- Individualisme: une enquête sur les sources du mot par Marie-France Piguet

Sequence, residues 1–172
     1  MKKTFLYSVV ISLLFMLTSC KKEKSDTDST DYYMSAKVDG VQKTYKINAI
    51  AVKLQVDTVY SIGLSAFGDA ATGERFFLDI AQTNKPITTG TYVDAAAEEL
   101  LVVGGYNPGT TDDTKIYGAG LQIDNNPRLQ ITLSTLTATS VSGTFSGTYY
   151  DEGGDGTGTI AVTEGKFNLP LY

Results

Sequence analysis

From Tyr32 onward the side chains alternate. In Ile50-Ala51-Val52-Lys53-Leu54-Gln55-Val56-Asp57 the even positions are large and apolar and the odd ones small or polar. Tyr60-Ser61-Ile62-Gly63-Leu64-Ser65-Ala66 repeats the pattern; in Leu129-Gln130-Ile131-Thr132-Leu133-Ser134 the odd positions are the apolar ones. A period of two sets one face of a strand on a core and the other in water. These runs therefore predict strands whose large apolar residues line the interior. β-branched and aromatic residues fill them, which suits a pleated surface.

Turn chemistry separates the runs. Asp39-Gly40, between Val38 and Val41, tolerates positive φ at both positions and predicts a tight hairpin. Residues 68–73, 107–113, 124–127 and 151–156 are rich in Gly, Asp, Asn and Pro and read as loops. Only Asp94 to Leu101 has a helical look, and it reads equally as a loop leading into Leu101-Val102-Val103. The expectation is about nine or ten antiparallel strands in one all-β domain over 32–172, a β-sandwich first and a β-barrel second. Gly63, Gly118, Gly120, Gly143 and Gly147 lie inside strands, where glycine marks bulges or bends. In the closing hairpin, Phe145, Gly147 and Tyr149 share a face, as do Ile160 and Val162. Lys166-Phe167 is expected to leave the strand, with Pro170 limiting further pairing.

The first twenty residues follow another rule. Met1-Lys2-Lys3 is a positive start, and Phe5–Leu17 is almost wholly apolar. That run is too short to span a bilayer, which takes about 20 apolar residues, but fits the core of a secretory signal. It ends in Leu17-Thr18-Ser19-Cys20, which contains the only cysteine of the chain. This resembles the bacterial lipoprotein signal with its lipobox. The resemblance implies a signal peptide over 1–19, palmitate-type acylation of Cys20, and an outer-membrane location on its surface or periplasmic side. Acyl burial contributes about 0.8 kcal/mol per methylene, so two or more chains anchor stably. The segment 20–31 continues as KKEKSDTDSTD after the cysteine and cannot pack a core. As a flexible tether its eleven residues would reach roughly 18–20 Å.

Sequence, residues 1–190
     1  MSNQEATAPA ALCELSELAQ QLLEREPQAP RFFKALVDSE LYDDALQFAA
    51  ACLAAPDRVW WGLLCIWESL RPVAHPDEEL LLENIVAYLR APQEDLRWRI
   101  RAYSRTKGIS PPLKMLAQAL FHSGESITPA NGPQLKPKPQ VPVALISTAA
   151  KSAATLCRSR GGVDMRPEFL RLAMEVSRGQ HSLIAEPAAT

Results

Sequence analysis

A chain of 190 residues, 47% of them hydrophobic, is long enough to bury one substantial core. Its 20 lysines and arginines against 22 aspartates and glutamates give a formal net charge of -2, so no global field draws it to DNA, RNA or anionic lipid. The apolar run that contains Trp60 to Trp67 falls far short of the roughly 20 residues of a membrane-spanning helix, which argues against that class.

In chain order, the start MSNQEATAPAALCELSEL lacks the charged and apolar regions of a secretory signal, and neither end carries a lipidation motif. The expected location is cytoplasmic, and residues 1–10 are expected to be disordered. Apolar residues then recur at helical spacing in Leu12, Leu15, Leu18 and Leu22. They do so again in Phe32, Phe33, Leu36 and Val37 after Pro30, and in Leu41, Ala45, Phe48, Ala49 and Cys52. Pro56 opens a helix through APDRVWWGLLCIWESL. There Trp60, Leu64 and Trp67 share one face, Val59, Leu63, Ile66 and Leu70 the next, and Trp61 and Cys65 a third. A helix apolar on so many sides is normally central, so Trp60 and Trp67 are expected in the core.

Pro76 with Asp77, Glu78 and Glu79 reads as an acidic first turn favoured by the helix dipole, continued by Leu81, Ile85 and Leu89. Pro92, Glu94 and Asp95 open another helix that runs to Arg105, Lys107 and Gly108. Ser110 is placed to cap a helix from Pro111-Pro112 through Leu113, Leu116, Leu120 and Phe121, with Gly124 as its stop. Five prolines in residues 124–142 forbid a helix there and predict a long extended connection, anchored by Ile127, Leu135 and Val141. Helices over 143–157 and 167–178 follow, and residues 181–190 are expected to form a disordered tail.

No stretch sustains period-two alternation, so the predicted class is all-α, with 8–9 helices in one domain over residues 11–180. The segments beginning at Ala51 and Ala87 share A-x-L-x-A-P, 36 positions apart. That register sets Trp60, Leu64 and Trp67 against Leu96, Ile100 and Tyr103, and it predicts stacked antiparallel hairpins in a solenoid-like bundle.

Once upon a time, ‘individualism’ — a word that now seems deeply entrenched in our vocabulary — was a novelty. It was, as Marie-France Piguet explains in her book, ‘un [End Page 668] néologisme qui a bien réussi’ (p. 10). Piguet’s study is a history of the word itself — ‘une histoire sociale du lexique’ (p. 11) — which examines the discursive configurations in which the word emerged, the homonyms under which it was subsumed, the antonyms that delimited its meaning, and the values with which it was endowed. She shows that the term began its career at a precise and circumscribable moment: in French debates over politics and religion occurring between 1825 and roughly 1840. These discussions, which primarily involved Saint-Simonian socialists and Restoration liberals, probed the nature of the society bequeathed by the tumultuous revolutionary era. A parallel conversation, overlapping with the latter, concerned the loss of a communal faith and a shared set of beliefs, notably through a reckoning with Protestantism’s enduring cultural impact. As she reconstructs these debates, Piguet arrives at a further conclusion: those who pioneered the term ‘individualisme’ used it to denounce the phenomena it named. The Saint-Simonians used the word to stigmatize ‘un système politique qui place la liberté au cœur de ses préoccupations, et très probablement de discréditer tout particulièrement la pensée de “l’individualisme”’ (especially the ideas of liberals such as Benjamin Constant; pp. 81–82). In this context, the antonyms with which ‘individualism’ was invariably contrasted were ‘socialism’ and ‘association’. Drawing on the work of lexicologists, Piguet argues that neologisms arise when users of well-defined discourses realize that they lack a readily available word for the problems they seek to address. The author demonstrates, finally, that the polemical use of this word is tied its morphology: as an ‘-ism’, it can refer to a doctrine but also to a condition, which made it possible for the Saint-Simonians regularly to attack the idea of individualité, which liberals used to describe an elusive feeling of existence, by replacing it with individualisme, with all its pejorative connotations. Piguet does not, regrettably, incorporate into her otherwise comprehensive account instances in which there was deliberate pushback against the assault on individualisme. One thinks, for instance, of Émile Durkheim’s famous 1898 essay, L’Individualisme et les intellectuels, which challenged the anti-Dreyfusards’ condemnation of the allegedly problematic individualism of Dreyfus’s champions. Furthermore, if Piguet is right that neologisms occur when discourses encounter stumbling blocks, lexical history alone cannot be equal to the task of understanding them: the tools of contextual intellectual history are also needed to reconstruct the broader discourses that make lexical innovation necessary. Even so, Piguet offers a thorough and useful lexical map of individualisme and its close semantic relatives in the period immediately following its inception. Implicitly, she also provides fascinating insight into the negative connotations with which individualisme is still saddled in French social and political discourse.